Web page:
The present work was supported by a research grant from NUMICO research.
Prebiotic oligosaccharides: In vitro evidence for gastrointestinal epithelial transfer and immunomodulatory properties
Article first published online: 15 NOV 2010
© 2010 John Wiley & Sons A/S
Pediatric Allergy and Immunology
Volume 21, Issue 8, pages 1179–1188, December 2010
How to Cite
Eiwegger, T., Stahl, B., Haidl, P., Schmitt, J., Boehm, G., Dehlink, E., Urbanek, R. and Szépfalusi, Z. (2010), Prebiotic oligosaccharides: In vitro evidence for gastrointestinal epithelial transfer and immunomodulatory properties. Pediatric Allergy and Immunology, 21: 1179–1188. doi: 10.1111/j.1399-3038.2010.01062.x
- Issue published online: 15 NOV 2010
- Article first published online: 15 NOV 2010
- Accepted 17 March 2010
- peanut allergy;
- cord blood;
- human milk
Eiwegger T, Stahl B, Haidl P, Schmitt J, Boehm G, Dehlink E, Urbanek R, Szépfalusi Z. Prebiotic oligosaccharides: In vitro evidence for gastrointestinal epithelial transfer and immunomodulatory properties. Pediatr Allergy Immunol 2010: 21: 1179–1188. © 2010 John Wiley & Sons A/S
Prebiotic oligosaccharides are present in breast milk and evidence is pointing toward immunomodulatory properties of the acidic fraction. Recently, prebiotic supplements of infant formula [short-chain galacto (scGOS)-, long-chain fructo (lcFOS)-oligosaccharides] showed preventive effects on atopic disease development.
We aimed to define the direct immunologic effects of these oligosaccharides and of human (aHMOS) and cows’ milk (aCMOS) acidic oligosaccharides and to investigate the systemic uptake of prebiotic supplements of infant formula and a specific pectin-derived acidic oligosaccharide hydrolysate (pAOS) in vitro.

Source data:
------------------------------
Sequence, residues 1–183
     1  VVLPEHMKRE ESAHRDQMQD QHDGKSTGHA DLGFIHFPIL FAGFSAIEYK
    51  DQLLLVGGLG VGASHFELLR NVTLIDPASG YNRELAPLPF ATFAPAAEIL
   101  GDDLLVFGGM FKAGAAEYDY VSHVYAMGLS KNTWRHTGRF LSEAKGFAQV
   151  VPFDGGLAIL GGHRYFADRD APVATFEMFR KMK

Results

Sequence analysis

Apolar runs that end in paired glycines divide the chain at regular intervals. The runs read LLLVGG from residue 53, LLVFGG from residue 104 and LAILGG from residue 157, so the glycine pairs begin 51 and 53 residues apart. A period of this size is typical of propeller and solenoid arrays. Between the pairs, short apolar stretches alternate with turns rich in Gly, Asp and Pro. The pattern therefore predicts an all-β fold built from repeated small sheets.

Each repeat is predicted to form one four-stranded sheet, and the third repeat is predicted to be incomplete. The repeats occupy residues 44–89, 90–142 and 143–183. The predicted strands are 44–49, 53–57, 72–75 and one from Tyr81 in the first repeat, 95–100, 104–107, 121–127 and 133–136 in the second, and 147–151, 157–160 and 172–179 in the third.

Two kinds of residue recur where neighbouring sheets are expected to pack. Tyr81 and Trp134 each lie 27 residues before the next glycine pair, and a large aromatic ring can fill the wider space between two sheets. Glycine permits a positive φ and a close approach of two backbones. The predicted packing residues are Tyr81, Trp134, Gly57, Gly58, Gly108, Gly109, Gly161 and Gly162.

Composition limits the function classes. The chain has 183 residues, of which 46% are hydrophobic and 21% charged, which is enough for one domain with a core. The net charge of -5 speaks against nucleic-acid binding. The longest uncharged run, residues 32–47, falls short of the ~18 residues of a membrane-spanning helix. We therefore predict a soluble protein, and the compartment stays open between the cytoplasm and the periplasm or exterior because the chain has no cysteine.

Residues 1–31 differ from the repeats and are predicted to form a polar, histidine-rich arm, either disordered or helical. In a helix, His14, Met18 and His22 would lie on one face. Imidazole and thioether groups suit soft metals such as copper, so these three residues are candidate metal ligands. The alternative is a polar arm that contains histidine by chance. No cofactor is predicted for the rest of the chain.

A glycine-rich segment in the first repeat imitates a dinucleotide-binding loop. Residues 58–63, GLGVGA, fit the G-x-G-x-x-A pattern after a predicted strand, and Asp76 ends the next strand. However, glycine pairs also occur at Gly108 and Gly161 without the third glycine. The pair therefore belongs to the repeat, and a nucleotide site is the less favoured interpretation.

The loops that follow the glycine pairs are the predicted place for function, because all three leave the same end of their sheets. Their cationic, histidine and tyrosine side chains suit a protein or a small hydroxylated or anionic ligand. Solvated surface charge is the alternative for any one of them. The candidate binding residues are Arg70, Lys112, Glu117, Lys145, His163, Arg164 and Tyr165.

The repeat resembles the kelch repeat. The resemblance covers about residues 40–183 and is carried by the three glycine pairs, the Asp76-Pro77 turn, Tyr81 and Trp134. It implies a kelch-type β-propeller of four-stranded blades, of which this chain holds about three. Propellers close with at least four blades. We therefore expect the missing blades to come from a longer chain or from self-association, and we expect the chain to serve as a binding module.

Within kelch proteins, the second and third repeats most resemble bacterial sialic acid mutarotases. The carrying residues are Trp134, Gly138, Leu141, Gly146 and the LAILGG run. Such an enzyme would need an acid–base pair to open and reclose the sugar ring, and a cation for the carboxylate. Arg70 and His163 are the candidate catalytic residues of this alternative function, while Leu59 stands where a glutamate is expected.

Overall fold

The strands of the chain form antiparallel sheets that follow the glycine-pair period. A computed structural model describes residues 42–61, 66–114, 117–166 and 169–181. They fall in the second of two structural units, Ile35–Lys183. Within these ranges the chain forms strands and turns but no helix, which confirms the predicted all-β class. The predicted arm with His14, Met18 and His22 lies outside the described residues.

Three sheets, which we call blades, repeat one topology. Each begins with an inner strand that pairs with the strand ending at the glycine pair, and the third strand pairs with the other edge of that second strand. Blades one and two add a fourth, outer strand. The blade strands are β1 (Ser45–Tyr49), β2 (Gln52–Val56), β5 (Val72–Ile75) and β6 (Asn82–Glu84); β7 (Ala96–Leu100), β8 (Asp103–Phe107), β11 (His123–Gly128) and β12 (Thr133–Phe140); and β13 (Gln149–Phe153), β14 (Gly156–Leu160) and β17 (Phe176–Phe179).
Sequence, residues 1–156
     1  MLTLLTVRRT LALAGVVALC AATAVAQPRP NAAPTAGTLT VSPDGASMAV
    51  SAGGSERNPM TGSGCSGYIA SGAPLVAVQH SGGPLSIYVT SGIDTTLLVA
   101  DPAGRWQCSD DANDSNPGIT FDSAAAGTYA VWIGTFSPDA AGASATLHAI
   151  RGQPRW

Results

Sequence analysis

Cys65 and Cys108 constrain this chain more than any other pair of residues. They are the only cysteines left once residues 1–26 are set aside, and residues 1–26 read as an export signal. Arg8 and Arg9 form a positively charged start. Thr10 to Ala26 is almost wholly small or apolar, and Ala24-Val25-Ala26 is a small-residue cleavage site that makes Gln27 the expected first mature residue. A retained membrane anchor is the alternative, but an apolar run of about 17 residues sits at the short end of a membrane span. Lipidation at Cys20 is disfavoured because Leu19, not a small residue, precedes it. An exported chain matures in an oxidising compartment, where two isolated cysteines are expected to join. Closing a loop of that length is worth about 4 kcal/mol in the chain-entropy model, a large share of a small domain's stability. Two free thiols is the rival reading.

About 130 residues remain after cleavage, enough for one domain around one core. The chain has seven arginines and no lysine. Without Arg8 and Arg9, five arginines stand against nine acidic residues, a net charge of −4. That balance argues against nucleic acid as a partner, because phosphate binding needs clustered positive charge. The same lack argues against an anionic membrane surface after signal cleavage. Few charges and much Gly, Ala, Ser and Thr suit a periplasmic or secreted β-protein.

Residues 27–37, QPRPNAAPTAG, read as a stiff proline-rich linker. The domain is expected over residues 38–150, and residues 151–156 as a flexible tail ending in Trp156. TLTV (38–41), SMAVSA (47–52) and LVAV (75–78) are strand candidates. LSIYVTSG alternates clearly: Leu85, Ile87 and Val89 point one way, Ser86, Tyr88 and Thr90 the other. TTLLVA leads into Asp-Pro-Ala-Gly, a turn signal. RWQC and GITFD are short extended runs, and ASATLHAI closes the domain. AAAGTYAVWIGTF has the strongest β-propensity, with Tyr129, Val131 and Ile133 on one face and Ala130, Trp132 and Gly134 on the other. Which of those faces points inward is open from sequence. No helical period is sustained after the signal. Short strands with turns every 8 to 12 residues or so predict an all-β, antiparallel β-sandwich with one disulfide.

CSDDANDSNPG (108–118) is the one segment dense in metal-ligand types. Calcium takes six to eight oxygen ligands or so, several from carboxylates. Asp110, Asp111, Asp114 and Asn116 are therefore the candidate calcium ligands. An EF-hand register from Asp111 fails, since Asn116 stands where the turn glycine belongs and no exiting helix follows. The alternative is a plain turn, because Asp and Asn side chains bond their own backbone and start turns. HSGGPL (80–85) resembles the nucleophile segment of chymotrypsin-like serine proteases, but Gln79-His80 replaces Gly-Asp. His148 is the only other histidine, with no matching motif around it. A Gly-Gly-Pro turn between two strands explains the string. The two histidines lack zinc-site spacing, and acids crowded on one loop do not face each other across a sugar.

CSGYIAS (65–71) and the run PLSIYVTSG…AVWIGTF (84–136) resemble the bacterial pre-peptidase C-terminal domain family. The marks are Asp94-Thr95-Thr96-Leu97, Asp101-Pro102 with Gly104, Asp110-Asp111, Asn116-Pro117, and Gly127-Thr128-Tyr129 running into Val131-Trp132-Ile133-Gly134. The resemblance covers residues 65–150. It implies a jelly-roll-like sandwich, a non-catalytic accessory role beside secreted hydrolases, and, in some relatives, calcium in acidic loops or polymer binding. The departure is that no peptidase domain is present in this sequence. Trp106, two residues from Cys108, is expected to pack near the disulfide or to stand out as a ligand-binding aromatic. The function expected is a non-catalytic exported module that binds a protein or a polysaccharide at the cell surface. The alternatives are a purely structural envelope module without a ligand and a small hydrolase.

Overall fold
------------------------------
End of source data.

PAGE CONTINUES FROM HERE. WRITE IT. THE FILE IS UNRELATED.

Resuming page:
After assurance of LPS-free conditions (limulus assay, toll like receptor-2, -4 transfected human embryonic kidney-cells), in vitro-transfer through a CaCo-2 cell monolayer was measured using high-pH anion exchange chromatography with pulsed amperometric detection. Direct effects on proliferation, cytokine-induction of cord blood mononuclear cells and modulation of allergen-specific CD4+ T-cell cytokine profiles from allergic and non-allergic individuals were investigated.
Transfer of scGOS/lcFOS and pAOS in-vitro was detected with a rate of transfer of 4–14%, depending on the molecular size and structure. AHMOS induced IFN-γ and IL-10 but not the Th-2 cytokine IL-13 at physiologic concentrations (10–100 μg/ml) in cord blood, whereas aCMOS did not induce any of these cytokines. AHMOS significantly suppressed Th-2 type cytokine-production by Ara h1-specific CD4+ T cells (CFSElow CD3+CD4+cells) from peanut allergic patients.
In conclusion, human milk-derived acidic oligosaccharides may modulate postnatal allergen-specific immune responses by the suppression of Th-2-type responses in atopy-prone individuals. Moreover, there is in vitro evidence for epithelial transport of prebiotic oligosaccharides.